The shoe is definitely stable, to the point that it feels clunky sometimes. With the cushioning setup, this shoe will be a great crossfit shoe for gymming and the occasional run on the treadmill.
The Speedboard is made from a semi-flexible plastic designed for smoother heel-to-toe transitions and increased stability overall. I found the Speedboard to work especially well on treadmill runs.
The Speedboard definitely balances out the pods evenly and make them work as a cohesive unit. This prevents uneven pressure to be applied to individual pods.
A drawback of the Speedboard is that it firms up the shoe significantly. ON tends to place the Speedboard so close to the foot as it’s impossible for the Speedboard to be positioned anywhere else due to the design of the midsole.
Having the Speedboard this close to the foot results in a ride that is far from plush. Think of it as lying down on a wooden plank on a pillow compared to a pillow on a wooden plank.
The description of the latter would definitely be more comfortable. ON has made an effort to soften the ride through the use of a special insole, which will be addressed below.
The insole is made up of two sections. The first section is a green memory-like foam that compresses easily. It is soft but does not have good rebound properties. The insole shines at walking paces but fails to impress when paces are picked up.
The second section is a black foam material that starts from the middle covering and cupping the first section at the heel. The intended purpose is to center the heel on the green platform. The function seems to work decently well as I don’t find my heel slipping around.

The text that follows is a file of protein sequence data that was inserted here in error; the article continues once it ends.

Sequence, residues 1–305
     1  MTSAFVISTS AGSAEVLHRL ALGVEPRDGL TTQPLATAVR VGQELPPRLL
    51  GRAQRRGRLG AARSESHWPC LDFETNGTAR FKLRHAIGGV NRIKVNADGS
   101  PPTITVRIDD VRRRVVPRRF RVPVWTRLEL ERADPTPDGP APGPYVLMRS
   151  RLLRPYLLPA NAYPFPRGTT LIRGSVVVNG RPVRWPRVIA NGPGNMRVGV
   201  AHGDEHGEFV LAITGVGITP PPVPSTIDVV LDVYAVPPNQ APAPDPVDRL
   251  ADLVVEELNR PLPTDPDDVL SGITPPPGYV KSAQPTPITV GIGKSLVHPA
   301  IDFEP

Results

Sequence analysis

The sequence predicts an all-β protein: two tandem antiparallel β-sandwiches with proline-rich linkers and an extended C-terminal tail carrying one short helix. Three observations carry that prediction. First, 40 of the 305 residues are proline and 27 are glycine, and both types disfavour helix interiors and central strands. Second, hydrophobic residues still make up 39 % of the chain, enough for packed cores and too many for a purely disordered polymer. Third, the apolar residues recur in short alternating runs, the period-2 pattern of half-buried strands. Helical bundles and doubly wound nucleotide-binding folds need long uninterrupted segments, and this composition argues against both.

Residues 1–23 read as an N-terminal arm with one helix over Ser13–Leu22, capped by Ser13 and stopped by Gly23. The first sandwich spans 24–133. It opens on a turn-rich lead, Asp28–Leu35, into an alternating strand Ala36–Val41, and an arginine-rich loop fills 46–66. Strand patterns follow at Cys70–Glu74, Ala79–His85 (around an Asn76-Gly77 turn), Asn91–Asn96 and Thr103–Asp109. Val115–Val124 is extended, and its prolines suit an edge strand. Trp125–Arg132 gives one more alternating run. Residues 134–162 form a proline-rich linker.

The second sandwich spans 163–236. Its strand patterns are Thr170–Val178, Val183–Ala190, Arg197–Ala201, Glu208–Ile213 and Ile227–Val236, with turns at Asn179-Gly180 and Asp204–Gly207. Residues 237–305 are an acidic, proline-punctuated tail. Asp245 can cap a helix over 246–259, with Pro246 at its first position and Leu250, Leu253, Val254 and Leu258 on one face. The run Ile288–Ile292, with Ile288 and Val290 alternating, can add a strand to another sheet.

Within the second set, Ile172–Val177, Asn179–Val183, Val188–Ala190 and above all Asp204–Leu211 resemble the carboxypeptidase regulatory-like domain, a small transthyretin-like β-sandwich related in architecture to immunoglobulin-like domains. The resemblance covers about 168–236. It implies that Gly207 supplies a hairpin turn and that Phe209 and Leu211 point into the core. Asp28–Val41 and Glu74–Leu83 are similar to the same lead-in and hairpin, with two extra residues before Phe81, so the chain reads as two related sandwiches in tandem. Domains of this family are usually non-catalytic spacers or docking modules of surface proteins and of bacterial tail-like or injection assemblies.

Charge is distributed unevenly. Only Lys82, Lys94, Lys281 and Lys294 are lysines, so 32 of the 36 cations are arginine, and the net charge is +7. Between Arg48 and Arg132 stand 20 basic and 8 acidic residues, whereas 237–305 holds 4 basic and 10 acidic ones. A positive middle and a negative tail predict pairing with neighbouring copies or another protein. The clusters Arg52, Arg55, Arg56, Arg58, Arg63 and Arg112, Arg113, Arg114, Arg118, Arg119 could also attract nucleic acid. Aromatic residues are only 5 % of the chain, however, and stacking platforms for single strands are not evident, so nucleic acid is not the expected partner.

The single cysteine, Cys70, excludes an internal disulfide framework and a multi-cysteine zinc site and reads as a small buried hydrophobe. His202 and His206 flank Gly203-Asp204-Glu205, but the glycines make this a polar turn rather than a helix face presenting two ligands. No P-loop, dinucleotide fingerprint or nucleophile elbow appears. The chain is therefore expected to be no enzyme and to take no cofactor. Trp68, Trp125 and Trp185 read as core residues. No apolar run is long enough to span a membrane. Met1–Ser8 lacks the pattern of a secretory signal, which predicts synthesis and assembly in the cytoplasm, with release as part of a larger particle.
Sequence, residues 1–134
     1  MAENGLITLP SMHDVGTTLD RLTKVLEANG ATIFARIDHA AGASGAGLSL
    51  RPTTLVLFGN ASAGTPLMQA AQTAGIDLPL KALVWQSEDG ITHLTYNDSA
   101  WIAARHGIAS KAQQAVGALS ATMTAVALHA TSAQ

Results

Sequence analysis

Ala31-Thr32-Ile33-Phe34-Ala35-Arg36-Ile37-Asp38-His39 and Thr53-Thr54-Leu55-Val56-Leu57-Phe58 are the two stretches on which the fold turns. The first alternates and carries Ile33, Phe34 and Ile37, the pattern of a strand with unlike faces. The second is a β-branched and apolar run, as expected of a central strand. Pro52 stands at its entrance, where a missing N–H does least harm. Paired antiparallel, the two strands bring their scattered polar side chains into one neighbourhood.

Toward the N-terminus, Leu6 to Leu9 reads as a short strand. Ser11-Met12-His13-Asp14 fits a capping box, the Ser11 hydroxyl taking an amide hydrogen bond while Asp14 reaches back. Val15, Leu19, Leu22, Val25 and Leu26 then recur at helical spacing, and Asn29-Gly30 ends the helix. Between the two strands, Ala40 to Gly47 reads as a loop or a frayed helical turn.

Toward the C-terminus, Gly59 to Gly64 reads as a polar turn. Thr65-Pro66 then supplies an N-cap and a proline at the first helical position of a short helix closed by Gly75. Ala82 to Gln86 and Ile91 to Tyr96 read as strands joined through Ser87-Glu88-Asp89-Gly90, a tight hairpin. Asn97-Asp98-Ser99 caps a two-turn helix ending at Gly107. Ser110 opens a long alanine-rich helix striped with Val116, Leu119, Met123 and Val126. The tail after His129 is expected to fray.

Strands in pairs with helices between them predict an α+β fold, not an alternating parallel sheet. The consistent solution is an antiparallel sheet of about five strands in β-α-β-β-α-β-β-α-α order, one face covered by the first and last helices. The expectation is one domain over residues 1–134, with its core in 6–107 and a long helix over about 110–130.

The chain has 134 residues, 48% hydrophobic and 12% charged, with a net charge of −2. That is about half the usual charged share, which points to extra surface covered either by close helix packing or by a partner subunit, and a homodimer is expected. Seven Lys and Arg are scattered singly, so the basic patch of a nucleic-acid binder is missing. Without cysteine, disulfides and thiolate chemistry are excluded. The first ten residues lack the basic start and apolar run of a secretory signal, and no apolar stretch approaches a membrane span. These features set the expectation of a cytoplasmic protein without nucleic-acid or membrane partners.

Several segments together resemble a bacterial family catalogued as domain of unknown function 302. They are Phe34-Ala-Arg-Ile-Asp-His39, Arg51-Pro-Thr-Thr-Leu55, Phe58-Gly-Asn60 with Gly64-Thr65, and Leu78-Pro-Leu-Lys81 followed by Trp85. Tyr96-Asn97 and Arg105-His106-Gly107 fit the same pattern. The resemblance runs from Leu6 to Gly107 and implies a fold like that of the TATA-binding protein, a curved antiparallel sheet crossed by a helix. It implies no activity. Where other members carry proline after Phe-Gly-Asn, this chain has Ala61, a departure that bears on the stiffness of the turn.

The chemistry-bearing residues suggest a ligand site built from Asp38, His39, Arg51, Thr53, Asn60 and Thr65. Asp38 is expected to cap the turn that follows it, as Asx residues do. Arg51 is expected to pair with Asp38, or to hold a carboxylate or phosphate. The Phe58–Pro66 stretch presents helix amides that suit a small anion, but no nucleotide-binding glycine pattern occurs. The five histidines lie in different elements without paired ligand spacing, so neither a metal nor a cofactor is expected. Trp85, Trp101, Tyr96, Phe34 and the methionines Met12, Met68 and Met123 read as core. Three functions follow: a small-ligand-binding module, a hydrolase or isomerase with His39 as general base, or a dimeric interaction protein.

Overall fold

I remember in my first ON shoe review on the ON Cloud that I hoped for a different insole material to make for a more forgiving ride. ON did change the material to the current memory foam variant. However, I’m not sure if this was a step in the right direction for ON as the foam does not return to its original form fast enough to cushion the next few steps while running.
I really do hope ON reads this and starts to consider thermoplastic-polyurethane for its insole foam or adding a thin layer below the insole. Having a Speedboard in a shoe is fine, but having it so close to the foot means that the ride will be more firm in nature. Utilizing a soft yet responsive material in between the foot and the board would dilute some of the firm characteristics and allow more forgiving and enjoyable ride at slower paces.
The Outsole is strategically placed with black rubber patches at high wear areas in both the forefoot and heel for added durability and grip.
The outsole is pretty grippy in dry conditions and decent in wet conditions. I did not slip in wet weather when running on asphalt. I wonder if the outsole compound is an improvement from that of the non-waterproof version which lacked a lot of wet weather grip.
The midsole is holding up well with 80km (50mi) in. However, I worry that with this combination of EVA material and individual segmented holes in the cushioning, the pods are bound to collapse sooner than if the midsole was one-piece.